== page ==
Agriculture
Keeping Bugs Away from Food
Got Milk? How?
Protecting Cows—and People—from a Deadly Disease
Amphibians
Poison Dart Frogs
Newts
Salamanders
Animals
Gliders in the Family
Spotting the World's Leggiest Animal
Odor-Chasing Penguins
Behavior
Hitting the redo button on evolution
Fighting fat with fat
Why Cats Nap and Whales Snooze
Birds
Ducks
Birds We Eat
Flightless Birds
Chemistry and Materials
Picture the Smell
Earth-Friendly Fabrics
Diamond Glow
Computers
Troubles with Hubble
New twists for phantom limbs
The hungry blob at the edge of the universe
Dinosaurs and Fossils
Mini T. rex
Dino Babies
Meet your mysterious relative
E Learning Jamaica
2014 GSAT Results for Jamaican Kids
Results of GSAT are in schools this week
E Learning in Jamaica WIN PRIZES and try our Fun Animated Games
Earth
Ancient Heights
Unnatural Disasters
Pollution at the ends of the Earth
Environment
When Fungi and Algae Marry
City Trees Beat Country Trees
A Newspaper's Hidden Cost
Finding the Past
Chicken of the Sea
The Puzzle of Ancient Mariners
Early Maya Writing
Fish
Skates and Rays
Halibut
Seahorses
Food and Nutrition
In Search of the Perfect French Fry
Chew for Health
A Taste for Cheese
GSAT English Rules
Order of Adjectives
Problems with Prepositions
Who vs. Whom
GSAT Exam Preparation Jamaica
Ministry of Education Announces 82 GSAT Scholarships for 2010
GSAT Practice Papers | GSAT Mathematics | Maths
42,000 students will sit for the GSAT Exam in two weeks
GSAT Exams Jamaica Scholarships
Results of GSAT are in schools this week
Access denied - Disabled boy aces GSAT
GSAT Practice Papers | GSAT Mathematics | Maths
GSAT Mathematics
E Learning in Jamaica WIN PRIZES and try our Fun Animated Games
Monkeys Count
Deep-space dancers
Human Body
Surviving Olympic Heat
Heart Revival
Cell Phones and Possible Health Hazards
Invertebrates
Krill
Cockroaches
Octopuses
Mammals
Sheep
Cats
Dolphins
Parents
Raise a Lifelong Reader by Reading Aloud
The Surprising Meaning and Benefits of Nursery Rhymes
Children and Media
Physics
Project Music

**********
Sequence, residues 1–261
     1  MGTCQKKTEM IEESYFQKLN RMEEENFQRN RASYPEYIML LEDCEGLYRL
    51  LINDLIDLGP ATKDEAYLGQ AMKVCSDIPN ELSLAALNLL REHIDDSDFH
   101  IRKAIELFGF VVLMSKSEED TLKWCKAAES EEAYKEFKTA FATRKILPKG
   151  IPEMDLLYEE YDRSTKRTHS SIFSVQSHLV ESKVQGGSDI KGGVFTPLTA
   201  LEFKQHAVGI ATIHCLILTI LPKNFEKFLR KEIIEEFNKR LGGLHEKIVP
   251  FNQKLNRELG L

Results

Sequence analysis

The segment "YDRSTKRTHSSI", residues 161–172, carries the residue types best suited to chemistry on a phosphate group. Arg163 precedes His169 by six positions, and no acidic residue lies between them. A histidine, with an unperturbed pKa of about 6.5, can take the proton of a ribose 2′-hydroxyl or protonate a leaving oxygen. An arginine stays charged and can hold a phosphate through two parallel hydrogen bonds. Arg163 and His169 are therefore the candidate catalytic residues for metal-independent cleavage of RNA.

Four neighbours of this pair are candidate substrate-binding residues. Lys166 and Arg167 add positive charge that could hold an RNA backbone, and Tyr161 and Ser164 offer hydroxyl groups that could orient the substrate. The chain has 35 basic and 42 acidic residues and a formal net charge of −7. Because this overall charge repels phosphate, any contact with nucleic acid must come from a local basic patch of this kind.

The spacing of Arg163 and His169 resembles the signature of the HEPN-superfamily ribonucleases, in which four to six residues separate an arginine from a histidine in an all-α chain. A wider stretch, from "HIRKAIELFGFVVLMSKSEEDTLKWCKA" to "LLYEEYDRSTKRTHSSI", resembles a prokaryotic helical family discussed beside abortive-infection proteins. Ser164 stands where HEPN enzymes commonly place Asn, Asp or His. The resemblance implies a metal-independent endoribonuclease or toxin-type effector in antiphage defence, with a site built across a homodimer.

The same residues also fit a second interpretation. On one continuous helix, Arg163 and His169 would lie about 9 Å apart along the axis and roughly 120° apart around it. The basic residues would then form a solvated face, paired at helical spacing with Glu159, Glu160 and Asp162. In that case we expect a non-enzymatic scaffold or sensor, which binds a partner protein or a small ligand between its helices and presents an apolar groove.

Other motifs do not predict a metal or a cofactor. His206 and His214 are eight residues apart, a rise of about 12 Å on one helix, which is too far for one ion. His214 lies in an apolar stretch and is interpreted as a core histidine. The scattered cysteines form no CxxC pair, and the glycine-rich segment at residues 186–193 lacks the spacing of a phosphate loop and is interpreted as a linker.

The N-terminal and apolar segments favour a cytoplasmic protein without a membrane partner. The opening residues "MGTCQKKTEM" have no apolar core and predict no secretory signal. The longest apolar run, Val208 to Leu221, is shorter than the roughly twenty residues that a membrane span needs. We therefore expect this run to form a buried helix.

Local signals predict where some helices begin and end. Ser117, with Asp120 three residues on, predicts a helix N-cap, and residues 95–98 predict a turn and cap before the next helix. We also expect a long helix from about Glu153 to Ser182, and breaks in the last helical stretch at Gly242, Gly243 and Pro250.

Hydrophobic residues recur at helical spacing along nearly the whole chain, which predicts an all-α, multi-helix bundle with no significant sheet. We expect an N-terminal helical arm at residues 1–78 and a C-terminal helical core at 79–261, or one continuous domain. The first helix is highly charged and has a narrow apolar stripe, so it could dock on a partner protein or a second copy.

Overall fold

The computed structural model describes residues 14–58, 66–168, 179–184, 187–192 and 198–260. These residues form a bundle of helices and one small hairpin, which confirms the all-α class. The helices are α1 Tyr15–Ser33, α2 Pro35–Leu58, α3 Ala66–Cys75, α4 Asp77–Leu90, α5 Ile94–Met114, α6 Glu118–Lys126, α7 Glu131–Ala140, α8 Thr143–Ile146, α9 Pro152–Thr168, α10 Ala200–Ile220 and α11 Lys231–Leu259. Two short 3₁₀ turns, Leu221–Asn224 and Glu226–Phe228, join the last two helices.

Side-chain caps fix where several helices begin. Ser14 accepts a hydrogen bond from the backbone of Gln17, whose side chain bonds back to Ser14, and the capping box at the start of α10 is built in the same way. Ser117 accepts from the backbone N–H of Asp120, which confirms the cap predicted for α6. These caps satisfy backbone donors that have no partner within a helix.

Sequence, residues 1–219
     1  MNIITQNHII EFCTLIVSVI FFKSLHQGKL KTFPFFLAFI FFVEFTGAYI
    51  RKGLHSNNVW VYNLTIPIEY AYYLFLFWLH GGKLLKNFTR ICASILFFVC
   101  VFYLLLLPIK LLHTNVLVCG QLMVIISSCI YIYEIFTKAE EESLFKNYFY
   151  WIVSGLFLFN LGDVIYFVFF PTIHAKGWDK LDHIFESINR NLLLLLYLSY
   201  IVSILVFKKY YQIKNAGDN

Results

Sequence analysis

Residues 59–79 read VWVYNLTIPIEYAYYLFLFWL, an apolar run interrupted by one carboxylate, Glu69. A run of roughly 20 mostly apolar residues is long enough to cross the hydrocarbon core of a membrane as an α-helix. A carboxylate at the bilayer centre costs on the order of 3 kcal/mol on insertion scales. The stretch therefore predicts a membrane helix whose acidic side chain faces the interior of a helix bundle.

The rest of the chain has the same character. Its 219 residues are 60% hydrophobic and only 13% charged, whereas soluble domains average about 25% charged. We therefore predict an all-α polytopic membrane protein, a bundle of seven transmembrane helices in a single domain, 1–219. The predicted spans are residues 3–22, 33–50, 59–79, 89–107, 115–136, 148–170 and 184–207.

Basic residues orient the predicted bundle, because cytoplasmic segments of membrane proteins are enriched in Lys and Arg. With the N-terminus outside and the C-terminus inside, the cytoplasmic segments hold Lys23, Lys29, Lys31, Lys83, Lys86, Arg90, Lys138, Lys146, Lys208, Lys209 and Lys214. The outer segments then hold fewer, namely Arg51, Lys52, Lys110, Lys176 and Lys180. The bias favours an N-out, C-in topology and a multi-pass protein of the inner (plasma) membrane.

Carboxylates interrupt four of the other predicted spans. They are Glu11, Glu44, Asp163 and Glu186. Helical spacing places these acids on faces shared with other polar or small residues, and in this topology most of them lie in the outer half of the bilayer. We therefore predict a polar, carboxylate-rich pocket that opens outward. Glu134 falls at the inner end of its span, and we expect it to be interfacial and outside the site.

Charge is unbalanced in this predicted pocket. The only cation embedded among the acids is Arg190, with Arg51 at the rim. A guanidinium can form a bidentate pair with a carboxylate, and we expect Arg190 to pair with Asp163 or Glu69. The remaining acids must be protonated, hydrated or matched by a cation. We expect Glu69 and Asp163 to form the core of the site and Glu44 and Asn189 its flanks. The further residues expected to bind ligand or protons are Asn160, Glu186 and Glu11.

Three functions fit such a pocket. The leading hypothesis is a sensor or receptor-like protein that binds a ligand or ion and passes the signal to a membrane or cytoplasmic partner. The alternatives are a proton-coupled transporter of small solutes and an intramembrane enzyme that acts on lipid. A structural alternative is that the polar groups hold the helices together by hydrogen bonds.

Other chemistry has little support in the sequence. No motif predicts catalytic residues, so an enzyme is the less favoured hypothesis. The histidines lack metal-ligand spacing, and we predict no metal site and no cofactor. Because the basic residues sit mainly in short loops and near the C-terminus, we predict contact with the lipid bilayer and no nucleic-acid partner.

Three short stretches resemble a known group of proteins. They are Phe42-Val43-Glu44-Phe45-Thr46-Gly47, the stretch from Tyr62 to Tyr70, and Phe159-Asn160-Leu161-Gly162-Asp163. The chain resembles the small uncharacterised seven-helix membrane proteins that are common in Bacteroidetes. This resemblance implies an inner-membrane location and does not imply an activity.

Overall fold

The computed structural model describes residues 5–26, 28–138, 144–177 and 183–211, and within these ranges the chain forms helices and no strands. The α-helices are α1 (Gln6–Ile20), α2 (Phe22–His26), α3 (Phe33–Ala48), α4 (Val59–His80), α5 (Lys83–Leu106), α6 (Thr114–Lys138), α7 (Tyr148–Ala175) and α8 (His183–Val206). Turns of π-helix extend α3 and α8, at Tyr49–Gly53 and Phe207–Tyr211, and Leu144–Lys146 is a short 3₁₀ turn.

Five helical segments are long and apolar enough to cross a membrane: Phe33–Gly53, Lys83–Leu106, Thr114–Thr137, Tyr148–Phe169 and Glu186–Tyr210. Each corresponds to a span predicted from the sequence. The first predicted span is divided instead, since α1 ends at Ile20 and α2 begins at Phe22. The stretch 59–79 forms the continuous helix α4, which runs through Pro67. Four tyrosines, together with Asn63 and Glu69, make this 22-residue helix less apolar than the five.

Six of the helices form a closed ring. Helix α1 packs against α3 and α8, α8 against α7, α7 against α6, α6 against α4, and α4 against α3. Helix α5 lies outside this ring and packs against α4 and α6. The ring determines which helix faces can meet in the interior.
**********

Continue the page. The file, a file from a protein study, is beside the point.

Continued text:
The Mirror Universe of Antimatter
Dreams of Floating in Space
Plants
Fastest Plant on Earth
Fast-flying fungal spores
Plants Travel Wind Highways
Reptiles
Asp
Komodo Dragons
Turtles
Space and Astronomy
A Planet's Slim-Fast Plan
Holes in Martian moon mystery
Asteroid Lost and Found
Technology and Engineering
Reach for the Sky
Weaving with Light
Are Propellers Fin-ished?
The Parts of Speech
Countable and Uncountable Nouns
What is a Noun
Pronouns
Transportation
Are Propellers Fin-ished?
Robots on a Rocky Road
Morphing a Wing to Save Fuel
Weather
Recipe for a Hurricane
Where rivers run uphill
Arctic Melt
Add your Article

Training Your Brain to Feel Less Pain

Your brain controls your body, and your body affects your brain. Now, scientists have found a way to turn the system upside down. With practice, a new study suggests, people can use their minds to change the way their brains affect their bodies. In particular, by watching activity in a brain scan, people can train their brains to process pain differently and reduce the amount of pain that they feel. The researchers worked with 32 healthy volunteers, ages 18 to 37. To begin with, volunteers received a heat pulse to their legs. The heat pulses could vary in intensity. On a scale from one to 10 (with 10 being "the worst pain imaginable"), they had to report when the intensity of the pain that they felt was higher than 7. Using a brain-scanning machine called an fMRI scanner, the scientists were able to see that this level of pain sparked a lot of activity in a part of the brain called the rostral anterior cingulate cortex. Next, eight of the volunteers went through brain training. Scientists hooked them up to machines that allowed them to see what was going on in their own rostral anterior cingulate cortexes. An image of a flame grew when there was a lot of activity there and shrank when there was less. After 39 minutes of practice, the researchers found, volunteers were able to control the size of the flame and, hence, their pain levels, even with the same intensity of heat on their legs. Mental exercises, such as thinking about something besides the pain, seemed to help. The other 24 volunteers were also told to try to change the activity level in their rostral anterior cingulate cortexes, but they didn't get to see what was happening there. Sometimes, they were able to see brain activity in other parts of their brains or brain activity in other people's brains. Without direct feedback, though, they were unable to change the level of activity in the correct part of the brain or the amount of pain that they felt from the heat. In the final stages of their study, the scientists gave this type of brain training to eight people who suffer from chronic pain, which means they have recurring pain much of the time that gets in the way of their lives. By the end of the experiment, all of the patients reported feeling less pain when activity in the rostral anterior cingulate cortex went down. Chronic-pain patients who practiced doing other types of feedback didn't gain the same benefits. Scientists have been struggling to understand pain for a long time. This new research might help improve the lives of people who have to live with it.—E. Sohn

Training Your Brain to Feel Less Pain
Training Your Brain to Feel Less Pain








Designed and Powered by HBJamaica.com™